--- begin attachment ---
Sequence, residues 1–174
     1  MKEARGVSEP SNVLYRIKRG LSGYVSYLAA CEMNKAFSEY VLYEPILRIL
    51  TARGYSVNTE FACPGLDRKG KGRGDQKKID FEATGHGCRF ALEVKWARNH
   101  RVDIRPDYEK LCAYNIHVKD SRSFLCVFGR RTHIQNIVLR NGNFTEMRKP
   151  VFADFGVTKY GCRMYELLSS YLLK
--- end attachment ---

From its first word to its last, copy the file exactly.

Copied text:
Sequence, residues 1–174
     1  MKEARGVSEP SNVLYRIKRG LSGYVSYLAA CEMNKAFSEY VLYEPILRIL
    51  TARGYSVNTE FACPGLDRKG KGRGDQKKID FEATGHGCRF ALEVKWARNH
   101  RVDIRPDYEK LCAYNIHVKD SRSFLCVFGR RTHIQNIVLR NGNFTEMRKP
   151  VFADFGVTKY GCRMYELLSS YLLK